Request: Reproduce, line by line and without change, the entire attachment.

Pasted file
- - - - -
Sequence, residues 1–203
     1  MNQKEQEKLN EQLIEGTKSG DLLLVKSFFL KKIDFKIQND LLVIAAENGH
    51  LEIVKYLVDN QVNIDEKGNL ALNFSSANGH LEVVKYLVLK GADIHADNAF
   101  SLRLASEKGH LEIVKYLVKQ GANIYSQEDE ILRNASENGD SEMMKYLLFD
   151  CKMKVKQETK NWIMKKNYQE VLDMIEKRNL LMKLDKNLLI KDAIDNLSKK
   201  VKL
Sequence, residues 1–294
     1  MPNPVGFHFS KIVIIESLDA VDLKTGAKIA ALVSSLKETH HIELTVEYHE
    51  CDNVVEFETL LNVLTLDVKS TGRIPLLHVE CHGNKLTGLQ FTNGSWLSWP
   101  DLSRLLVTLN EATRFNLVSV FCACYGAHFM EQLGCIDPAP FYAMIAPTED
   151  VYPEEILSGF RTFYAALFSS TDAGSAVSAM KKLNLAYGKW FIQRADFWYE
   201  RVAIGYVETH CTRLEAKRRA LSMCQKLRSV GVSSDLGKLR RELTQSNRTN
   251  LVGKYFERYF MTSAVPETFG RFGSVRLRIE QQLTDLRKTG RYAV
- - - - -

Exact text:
Sequence, residues 1–203
     1  MNQKEQEKLN EQLIEGTKSG DLLLVKSFFL KKIDFKIQND LLVIAAENGH
    51  LEIVKYLVDN QVNIDEKGNL ALNFSSANGH LEVVKYLVLK GADIHADNAF
   101  SLRLASEKGH LEIVKYLVKQ GANIYSQEDE ILRNASENGD SEMMKYLLFD
   151  CKMKVKQETK NWIMKKNYQE VLDMIEKRNL LMKLDKNLLI KDAIDNLSKK
   201  VKL
Sequence, residues 1–294
     1  MPNPVGFHFS KIVIIESLDA VDLKTGAKIA ALVSSLKETH HIELTVEYHE
    51  CDNVVEFETL LNVLTLDVKS TGRIPLLHVE CHGNKLTGLQ FTNGSWLSWP
   101  DLSRLLVTLN EATRFNLVSV FCACYGAHFM EQLGCIDPAP FYAMIAPTED
   151  VYPEEILSGF RTFYAALFSS TDAGSAVSAM KKLNLAYGKW FIQRADFWYE
   201  RVAIGYVETH CTRLEAKRRA LSMCQKLRSV GVSSDLGKLR RELTQSNRTN
   251  LVGKYFERYF MTSAVPETFG RFGSVRLRIE QQLTDLRKTG RYAV